|DOWNLOAD FILE IN:|
Crime and the durability of goods are strongly connected issues. However, surprisingly, they have been studied separately. This paper explores the relationship between the production of durable goods and crime from a theoretical perspective and draws important conclusions for both topics. Crime affects the consumer and producer surplus and thus the behavior of consumers, firms, the market equilibrium, and, in turn, the social optimum. Lower durability of goods reduces the incentive to steal those goods, thus reducing crime. When crime is included in the standard framework of durable goods, the socially optimal durability level is lower. Even without considering the negative non-market externalities of crime, perfect competition does not provide the optimal durability level. When considering different stealing technologies, perfect competition either over-produces durability or produces zero (minimum) durability. The monopolist under-produces durability regardless of the stealing technology considered. If all the crime externalities are taken into account, the socially optimal durability level is reduced further and gets closer to that which prevails under monopoly. The model has a clear policy implication: the durability of goods, and the market structure for those goods, can be an effective instrument to reduce crime. In particular, making the durability of a good contingent upon that good being stolen is likely to increase welfare.
This paper evaluates the effect of positive inducements on tax behavior by exploiting a natural experiment in which a municipality of Argentina randomly selected 400 individuals among more than 72,000 taxpayers who had complied with payment of their property tax. These individuals were publicly recognized and awarded the construction of a sidewalk. Results indicate that: i) being selected in ... (View publication)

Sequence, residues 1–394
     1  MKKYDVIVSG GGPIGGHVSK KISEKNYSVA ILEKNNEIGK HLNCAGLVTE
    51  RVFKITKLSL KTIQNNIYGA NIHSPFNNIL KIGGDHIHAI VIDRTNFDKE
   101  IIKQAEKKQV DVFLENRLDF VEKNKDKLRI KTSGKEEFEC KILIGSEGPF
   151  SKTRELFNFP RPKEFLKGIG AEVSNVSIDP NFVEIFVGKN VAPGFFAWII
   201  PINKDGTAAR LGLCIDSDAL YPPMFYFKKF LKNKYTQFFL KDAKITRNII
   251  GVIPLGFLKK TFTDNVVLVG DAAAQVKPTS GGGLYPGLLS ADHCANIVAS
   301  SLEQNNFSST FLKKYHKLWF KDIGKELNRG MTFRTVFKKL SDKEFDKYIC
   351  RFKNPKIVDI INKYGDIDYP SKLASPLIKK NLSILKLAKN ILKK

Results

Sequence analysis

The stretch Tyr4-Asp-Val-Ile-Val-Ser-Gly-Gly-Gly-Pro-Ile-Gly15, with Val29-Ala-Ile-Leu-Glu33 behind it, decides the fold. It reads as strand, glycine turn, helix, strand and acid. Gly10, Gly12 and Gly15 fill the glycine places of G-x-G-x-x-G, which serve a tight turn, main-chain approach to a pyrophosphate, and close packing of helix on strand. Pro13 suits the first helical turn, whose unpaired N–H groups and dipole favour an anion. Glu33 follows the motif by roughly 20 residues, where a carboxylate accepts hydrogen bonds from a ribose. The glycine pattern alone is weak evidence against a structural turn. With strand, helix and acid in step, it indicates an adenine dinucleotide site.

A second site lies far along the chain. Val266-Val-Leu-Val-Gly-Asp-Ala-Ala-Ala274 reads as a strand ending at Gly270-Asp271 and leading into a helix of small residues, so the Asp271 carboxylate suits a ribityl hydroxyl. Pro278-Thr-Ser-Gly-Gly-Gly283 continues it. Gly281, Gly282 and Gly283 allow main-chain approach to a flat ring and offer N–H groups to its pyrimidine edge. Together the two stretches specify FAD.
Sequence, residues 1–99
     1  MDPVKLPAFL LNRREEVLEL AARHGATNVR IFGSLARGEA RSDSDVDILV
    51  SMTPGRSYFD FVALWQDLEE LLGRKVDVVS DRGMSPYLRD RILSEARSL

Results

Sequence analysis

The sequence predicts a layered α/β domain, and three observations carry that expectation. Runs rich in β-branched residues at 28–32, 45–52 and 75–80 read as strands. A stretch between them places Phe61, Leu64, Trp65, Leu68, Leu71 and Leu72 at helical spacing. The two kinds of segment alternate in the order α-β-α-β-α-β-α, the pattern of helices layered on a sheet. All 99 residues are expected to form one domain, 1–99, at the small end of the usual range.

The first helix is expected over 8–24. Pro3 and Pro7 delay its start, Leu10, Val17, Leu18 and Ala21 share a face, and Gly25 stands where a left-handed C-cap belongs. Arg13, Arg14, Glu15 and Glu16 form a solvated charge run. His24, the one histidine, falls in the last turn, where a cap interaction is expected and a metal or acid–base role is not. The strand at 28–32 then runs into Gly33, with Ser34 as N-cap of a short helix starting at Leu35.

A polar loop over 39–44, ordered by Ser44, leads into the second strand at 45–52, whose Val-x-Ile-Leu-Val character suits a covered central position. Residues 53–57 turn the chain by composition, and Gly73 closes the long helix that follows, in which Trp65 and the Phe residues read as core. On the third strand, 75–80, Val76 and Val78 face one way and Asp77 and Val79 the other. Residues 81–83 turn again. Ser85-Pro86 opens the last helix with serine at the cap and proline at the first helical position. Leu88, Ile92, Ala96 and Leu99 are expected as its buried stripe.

This paper examines how an infrastructure investment policy, implemented nationwide at the local level, has affected local crime rates. This policy, developed in the wake of the global recession of 2008–09, was designed to boost local economies through job creation. Using monthly figures from the Spanish region of Catalonia’s more than 900 municipalities, the paper exploits geographic and tim ... (View publication)
The overall purpose of this study is to analyze the synergies of environmental mitigation initiatives in practice, based on the approach proposed by Muller and Mendelsohn (2011). According to this methodology, externalities associated with local pollutants are measured using the impact pathway approach. The main local benefits to be derived from applying mitigation measures are the impacts on heal ... (View publication)
Hello, Welcome to the IDB!
Please join our mailing list by simply entering your email below.
Show inline popup 1
Show inline popup 2
Show inline popup 3
Show inline popup 4